Bo Burlingham is the author of Small Giants: Companies That Choose To Be Great Instead of Big and an editor-at-large of Inc. magazine. He has written two books with Jack Stack, the co-founder and CEO of Springfield Remanufacturing Corp. and the pioneer of open-book management. The Great Game of Business has sold more than 300,000 copies. A Stake in the Outcome discusses what is involved in running an employee-owned company.
April 23, 2009
Carmencita "Chie" Abad speaks from personal experience about the hardships endured by millions of workers in sweatshops around the world. These workers often work dozens of hours per week, endure verbal and sometimes physical and sexual abuse to make the clothing on retailers' shelves. Only earning poverty wages their efforts to improve their situation are frequently met with repression.
Ms. Abad spent six years as a garment worker on the Pacific island of Saipan, a U.S. territory. She endured wretched conditions, frequently working 14-hour shifts in order to meet arbitrary production quotas for her employer, the Sako Corporation, which made clothes for the Gap and other retailers. When she tried to organize a union, Ms. Abad was met by fierce resistance from management. She eventually lost her job. She now lives in the U.S., where she educates Americans about the inhumane factory conditions occurring worldwide, including on U.S. soil. Ms. Abad was instrumental in forcing 26 major retailers to settle a lawsuit in September 2002 to improve conditions in Saipan.
April 30, 2009
John P. (Jack) Stack is president and CEO of SRC Holdings Corporation. SRC manufactures gasoline and diesel engines for the automotive and off-highway markets, distributes engine kits, manufactures power units and electrical components, and conducts seminars and training programs specializing in all aspects of teaching people how to implement open-book management.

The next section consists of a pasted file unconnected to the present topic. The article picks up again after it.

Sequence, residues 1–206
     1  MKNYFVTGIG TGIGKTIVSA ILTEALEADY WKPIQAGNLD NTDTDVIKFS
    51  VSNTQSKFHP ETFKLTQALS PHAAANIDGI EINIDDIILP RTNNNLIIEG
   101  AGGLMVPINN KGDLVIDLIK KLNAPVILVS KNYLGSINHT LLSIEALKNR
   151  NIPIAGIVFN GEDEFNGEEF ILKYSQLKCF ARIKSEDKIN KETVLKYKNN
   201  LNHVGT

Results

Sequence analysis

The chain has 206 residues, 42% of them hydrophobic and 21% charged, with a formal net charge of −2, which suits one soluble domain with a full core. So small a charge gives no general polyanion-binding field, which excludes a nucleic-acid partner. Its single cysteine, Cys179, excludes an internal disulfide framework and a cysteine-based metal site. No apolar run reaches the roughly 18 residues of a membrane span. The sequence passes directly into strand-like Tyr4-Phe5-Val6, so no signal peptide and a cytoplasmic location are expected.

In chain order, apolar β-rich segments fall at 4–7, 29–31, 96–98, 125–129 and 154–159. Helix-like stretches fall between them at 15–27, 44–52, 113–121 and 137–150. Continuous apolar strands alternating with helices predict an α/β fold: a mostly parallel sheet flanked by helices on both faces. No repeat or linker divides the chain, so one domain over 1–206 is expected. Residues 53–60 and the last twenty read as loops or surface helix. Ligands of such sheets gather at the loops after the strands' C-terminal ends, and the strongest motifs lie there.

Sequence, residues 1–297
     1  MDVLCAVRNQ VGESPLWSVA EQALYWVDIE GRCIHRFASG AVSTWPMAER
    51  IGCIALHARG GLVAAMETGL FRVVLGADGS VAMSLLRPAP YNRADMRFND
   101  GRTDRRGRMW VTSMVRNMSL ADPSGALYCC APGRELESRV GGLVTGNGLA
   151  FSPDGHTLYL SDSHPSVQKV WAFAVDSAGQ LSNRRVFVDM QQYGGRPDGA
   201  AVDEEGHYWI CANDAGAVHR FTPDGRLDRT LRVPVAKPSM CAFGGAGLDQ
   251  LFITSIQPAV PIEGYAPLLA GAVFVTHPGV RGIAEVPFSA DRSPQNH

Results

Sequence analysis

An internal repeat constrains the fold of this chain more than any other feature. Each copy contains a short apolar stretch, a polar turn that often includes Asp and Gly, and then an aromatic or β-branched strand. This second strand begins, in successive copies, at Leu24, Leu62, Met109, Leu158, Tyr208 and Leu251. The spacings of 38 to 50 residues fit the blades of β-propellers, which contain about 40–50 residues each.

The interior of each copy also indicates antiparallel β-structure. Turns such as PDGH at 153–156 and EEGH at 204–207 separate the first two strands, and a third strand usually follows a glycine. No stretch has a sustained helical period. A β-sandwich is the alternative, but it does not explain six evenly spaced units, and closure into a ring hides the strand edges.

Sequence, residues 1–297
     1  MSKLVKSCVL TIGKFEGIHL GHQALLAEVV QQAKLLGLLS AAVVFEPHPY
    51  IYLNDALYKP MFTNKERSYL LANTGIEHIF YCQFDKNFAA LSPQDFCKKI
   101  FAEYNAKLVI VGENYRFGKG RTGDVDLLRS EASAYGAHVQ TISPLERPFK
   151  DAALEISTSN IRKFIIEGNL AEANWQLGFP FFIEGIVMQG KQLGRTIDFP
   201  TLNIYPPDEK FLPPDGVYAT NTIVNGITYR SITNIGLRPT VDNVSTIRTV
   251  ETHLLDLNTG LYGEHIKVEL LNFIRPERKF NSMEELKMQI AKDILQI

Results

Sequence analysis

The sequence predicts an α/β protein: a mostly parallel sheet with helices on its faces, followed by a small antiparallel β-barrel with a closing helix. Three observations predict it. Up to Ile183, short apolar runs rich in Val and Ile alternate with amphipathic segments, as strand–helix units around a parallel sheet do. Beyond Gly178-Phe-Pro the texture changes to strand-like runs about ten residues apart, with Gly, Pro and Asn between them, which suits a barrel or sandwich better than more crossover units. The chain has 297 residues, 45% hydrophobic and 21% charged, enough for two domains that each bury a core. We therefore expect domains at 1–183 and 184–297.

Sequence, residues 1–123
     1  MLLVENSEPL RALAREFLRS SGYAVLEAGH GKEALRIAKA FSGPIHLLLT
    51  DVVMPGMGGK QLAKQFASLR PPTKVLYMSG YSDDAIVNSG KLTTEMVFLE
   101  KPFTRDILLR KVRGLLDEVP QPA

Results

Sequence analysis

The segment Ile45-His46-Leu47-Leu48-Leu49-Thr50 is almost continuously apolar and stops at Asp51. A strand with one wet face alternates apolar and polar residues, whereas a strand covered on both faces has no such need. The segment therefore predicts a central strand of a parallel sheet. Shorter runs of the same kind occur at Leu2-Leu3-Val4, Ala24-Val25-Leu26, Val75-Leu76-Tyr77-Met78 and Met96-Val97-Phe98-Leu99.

Stack came to SRC in 1979 as the plant manager of International Harvester after eleven years of direct management experience. In 1983, Stack and the SRC employees bought the company from IH and have turned it into what INC. magazine has proclaimed "one of America's most competitive small companies." His books, The Great Game of Business and A Stake in the Outcome , have become primers for those who plan on employee-owned ventures.
Stack is a national and world judge for the Ernst & Young Entrepreneur of the Year Awards Institute and has served as an advisor for this group since 1998. INC. magazine has called him the “smartest strategist in America” and named him one of twenty-five entrepreneurs selected to represent the 25 years INC. has been published. Stack was also listed among the “top 10 minds in small business” in Fortune Small Business Magazine .
He serves on the board of directors of Quest Capital Alliance, is a member of the Drury University's Board of Trustees and is a past president of the Springfield Business Development Corp., a subsidiary of the Springfield Area Chamber of Commerce.